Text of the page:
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  • Betty Girardeau

Today's Weather Report Is...


This image pretty much speaks for itself I think. Also today the temperatures are more winter-like than we have had the last couple of beautiful sunny days. Rain is predicted, too, through Sunday. But the tease is that on those days we should see temperatures in the upper sixties to low seventies. The little verse "April showers bring May flowers" is such a positive statement about lots of rainy days, but there is no equally positive one about the long winter of grey, gloomy, and wet days. My daughter lives in California where they hope for as many wet days as possible in the winter in order to help mitigate drought-like summer conditions. While I don't think I suffer from Seasonal Affective Disorder (interesting that those initials spell the work SAD), I definitely feel less energetic and up-beat when I have to turn on my lights in the day time and look out and see an outside world that is less than inviting, too. I remember years ago when shopping for bathroom window treatments at a department store waiting in line to check out. We had had nearly a month when every day had been cloudy and often rainy. The shopper ahead of me was particularly surly and rude to the store clerk, and when it was my turn, I commented about that as she checked out my purchase. The clerk was not the least upset or ruffled by the attitude of the previous shopper and told me that it was pretty much the norm that she experienced after many days of inclement weather. In some ways, probably because there is little we can do to control it, we take the weather a bit for granted. It is something we want and need to know about and often plan our activities accordingly, but I think we rarely actually consider how it affects us on a daily basis unless it is extreme. However, the sun is a major component for creating and maintaining good health, both mentally and physically. When we get adequate sunshine we have stronger bones, lower blood pressure, sleep better, have fewer issues with depression and anxiety, and have increased vitamin D in our bodies. It doesn't take much sun to provide these positive benefits either, just five to fifteen minutes of exposure a week. All of this is because the sun helps our bodies to make the hormone serotonin, the"happy hormone." I have had two wonderful back to back sunny and warm days lately when I got to be outside and even spending some socially distanced times with friends. That should carry me through the next several cloudy ones, hopefully. One of the songs in the musical "Annie" says it all about sunny days and how to cope with the grey and gloomy ones. Here are some of the lyrics that put it all in a nutshell:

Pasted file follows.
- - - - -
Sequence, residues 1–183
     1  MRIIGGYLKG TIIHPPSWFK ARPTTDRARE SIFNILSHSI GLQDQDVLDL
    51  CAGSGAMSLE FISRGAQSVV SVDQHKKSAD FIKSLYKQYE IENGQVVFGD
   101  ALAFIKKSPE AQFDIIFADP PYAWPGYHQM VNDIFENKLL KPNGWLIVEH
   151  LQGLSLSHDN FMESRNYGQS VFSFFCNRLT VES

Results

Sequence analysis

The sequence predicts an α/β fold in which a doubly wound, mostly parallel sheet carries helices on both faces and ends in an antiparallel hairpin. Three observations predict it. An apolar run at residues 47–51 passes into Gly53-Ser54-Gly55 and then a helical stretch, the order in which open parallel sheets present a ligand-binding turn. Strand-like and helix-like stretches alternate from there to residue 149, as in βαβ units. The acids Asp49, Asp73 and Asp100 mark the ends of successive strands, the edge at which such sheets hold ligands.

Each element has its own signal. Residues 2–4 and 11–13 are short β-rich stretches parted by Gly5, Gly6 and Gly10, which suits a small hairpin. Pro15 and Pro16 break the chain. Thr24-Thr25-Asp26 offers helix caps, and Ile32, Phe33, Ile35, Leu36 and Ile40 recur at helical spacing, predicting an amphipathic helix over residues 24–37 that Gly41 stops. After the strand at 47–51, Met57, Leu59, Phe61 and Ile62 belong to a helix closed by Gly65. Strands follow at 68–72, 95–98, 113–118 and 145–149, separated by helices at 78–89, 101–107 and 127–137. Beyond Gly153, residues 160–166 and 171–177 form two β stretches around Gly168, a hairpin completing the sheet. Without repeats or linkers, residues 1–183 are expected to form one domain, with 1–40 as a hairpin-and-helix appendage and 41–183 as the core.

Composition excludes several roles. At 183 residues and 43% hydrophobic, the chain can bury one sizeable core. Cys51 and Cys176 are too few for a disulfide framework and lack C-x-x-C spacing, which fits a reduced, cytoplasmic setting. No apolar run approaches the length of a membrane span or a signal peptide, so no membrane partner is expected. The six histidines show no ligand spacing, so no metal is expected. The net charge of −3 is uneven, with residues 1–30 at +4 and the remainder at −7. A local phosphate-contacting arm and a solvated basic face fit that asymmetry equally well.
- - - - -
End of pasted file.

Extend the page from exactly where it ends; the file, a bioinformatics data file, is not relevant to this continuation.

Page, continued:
When I'm stuck with a day that's gray and lonely I just stick out my chin and grin, and say, oh

The sun'll come out tomorrow.

So you gotta hang on 'til tomorrow Come what may.

Tomorrow, tomorrow I love ya tomorrow You're always a day away.





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